I clicked to accept there terms and conditions and in there, there is nothing mentioning “mistakes”, “rejects”, “declines”

    Also, can someone help me make sense of this: “2.2 The Products sold and/or services rendered are subject to these Terms and Conditions to the exclusion of any other terms and conditions stipulated or referred to by Customer. The Customer acknowledges that it is aware of the contents of and agrees to be bound by these Terms and Conditions. Neither Dell’s acknowledgment of a purchase order nor it’s failure to object to conflicting, different, or additional terms and conditions in a purchase order shall be deemed an acceptance of such terms and conditions or a waiver of the provisions hereof.”

    Does this means the exclude the notes at the bottom of the page i refereed to?

    I made my payment via Internet Banking, and they say once I have made payment, they will start processing the order. I haven’t received this rejection email yet, but if they declined my order, I want them to pay me interest back on the money I have lost. If they say this “3.4 Time for payment is of the essence. Dell reserves the right to charge interest at the rate of 2% above the base commercial floating rate for National Australia Bank in Sydney, New South Wales.” they should honor it the other way, and pay us interest.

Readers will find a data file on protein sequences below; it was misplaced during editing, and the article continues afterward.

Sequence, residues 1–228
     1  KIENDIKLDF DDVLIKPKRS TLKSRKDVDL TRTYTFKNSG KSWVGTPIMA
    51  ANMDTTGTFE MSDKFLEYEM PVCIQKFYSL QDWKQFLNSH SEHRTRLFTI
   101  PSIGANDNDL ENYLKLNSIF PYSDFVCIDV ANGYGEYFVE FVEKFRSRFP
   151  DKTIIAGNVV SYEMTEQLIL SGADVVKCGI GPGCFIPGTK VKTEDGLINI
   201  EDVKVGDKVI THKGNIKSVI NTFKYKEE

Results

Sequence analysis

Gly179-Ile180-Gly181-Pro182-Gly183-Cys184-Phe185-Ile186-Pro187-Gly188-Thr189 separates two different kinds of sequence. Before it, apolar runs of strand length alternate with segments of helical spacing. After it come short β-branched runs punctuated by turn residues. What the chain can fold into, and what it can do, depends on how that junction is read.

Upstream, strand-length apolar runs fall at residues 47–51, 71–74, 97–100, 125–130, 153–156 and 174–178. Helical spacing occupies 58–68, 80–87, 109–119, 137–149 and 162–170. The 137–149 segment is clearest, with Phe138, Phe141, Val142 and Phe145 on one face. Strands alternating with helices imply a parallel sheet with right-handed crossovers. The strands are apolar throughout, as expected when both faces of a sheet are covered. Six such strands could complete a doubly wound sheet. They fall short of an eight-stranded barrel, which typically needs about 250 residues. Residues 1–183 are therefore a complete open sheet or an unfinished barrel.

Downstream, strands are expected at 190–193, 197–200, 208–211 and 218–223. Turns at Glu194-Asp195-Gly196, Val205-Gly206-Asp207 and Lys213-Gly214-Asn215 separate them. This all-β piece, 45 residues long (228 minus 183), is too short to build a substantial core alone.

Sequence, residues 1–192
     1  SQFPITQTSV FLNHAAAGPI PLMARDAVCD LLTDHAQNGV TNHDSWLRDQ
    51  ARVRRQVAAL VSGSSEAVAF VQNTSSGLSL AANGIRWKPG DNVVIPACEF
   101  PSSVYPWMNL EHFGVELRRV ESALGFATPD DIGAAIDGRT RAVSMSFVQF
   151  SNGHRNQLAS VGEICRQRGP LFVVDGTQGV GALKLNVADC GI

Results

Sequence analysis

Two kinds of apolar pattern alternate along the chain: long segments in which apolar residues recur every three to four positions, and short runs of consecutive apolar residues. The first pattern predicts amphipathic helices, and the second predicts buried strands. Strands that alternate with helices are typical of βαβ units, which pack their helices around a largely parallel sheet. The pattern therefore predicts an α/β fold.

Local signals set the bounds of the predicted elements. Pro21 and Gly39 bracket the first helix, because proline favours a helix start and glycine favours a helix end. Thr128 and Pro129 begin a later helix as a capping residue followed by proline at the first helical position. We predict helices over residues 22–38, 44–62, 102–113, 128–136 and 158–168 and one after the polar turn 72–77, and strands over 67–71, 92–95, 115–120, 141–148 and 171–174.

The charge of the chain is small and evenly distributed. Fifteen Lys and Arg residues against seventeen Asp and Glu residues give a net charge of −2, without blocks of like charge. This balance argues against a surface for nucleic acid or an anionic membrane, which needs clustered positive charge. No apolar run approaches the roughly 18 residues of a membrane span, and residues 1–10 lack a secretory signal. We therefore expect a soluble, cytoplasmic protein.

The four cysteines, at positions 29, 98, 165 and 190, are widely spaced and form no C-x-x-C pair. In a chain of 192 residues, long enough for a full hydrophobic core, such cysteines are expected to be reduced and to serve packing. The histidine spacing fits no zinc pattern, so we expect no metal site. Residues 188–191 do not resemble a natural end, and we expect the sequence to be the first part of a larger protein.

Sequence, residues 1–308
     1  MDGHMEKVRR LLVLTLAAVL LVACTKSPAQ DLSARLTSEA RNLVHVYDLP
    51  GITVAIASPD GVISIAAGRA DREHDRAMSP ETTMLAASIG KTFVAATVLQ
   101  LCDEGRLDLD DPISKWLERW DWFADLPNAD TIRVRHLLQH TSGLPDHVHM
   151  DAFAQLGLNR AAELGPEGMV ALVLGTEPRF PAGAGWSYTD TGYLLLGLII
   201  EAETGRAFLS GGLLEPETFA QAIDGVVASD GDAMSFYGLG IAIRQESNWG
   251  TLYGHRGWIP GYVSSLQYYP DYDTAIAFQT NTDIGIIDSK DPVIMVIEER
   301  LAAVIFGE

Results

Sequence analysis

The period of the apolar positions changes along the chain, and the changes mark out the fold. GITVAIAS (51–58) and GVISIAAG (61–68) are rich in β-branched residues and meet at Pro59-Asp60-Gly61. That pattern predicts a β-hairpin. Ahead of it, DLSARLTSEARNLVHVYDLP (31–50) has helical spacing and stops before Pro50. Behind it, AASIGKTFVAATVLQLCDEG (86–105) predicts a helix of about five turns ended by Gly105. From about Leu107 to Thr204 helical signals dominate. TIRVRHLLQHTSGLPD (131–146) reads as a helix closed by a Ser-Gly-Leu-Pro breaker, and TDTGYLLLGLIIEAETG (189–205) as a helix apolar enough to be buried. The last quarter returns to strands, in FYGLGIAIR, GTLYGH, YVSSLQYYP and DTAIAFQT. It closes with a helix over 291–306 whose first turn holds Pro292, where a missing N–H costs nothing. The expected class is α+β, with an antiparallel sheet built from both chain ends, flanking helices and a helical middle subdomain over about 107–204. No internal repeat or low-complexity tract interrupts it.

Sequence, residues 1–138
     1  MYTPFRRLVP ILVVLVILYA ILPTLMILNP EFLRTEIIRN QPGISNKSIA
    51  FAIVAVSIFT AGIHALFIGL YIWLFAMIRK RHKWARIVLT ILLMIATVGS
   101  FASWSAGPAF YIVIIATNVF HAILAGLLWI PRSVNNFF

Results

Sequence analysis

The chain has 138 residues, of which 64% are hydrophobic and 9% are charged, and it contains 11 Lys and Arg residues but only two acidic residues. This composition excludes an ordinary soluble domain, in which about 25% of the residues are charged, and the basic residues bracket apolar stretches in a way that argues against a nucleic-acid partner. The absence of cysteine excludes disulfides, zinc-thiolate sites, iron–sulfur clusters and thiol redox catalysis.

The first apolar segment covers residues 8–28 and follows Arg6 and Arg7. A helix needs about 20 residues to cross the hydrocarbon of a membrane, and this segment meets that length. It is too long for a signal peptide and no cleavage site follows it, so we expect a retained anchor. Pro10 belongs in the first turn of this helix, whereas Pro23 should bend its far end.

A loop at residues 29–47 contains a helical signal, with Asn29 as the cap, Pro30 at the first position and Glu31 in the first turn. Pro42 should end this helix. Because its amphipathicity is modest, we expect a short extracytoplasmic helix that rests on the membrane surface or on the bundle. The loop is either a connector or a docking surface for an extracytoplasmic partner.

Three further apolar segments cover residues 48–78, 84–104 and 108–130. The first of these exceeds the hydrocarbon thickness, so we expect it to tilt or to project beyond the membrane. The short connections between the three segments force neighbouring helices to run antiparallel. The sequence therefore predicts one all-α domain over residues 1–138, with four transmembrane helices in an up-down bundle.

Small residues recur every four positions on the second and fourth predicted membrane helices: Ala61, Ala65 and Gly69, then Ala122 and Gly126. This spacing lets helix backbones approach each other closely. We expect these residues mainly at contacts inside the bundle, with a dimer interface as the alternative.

• Sigh, good luck with Fair Trade or all that crap, you agreed to a legal T&C.

    You agreed to (when filling out your name/address) this document here when you attempted to purchase the product:

    Which states:
    10.6 To the extent permitted by law, any typographical, clerical or other error or omission in sales literature, quotation, price list, acceptance of offer, invoice or other documents or information issued by Dell shall be subject to correction without any liability on the part of Dell.

    I bought one just in case they honoured it. They didn’t, its not like you’re losing out.

  • There is no way Paul or anyone else is getting any routers at $20 a pop – Dell made it crystal clear that noone would be getting it at that price. Makes sense – if they gave it to even a single person and the media got hold of it, everyone who ordered one would want it at that price too, and every other time there was an error people would want the price honoured.

  • I am fortunate that myself and the company I work for has a close relationship with Dell, I am only being offered the 2 out of the 4 as a good will gesture on their part. I don’t believe however that everyone else should be excluded from this offer. Dell Australia is a very small branch in the scheme of things and losing that much money on one product would really hurt but at the moment Dell needs all the good PR it can get. I will try to get any inside info on what they are prepared to do for everyone else who is waiting on the router. Dell like other large vendors – it really depends on who you talk to and how much influence you have with them.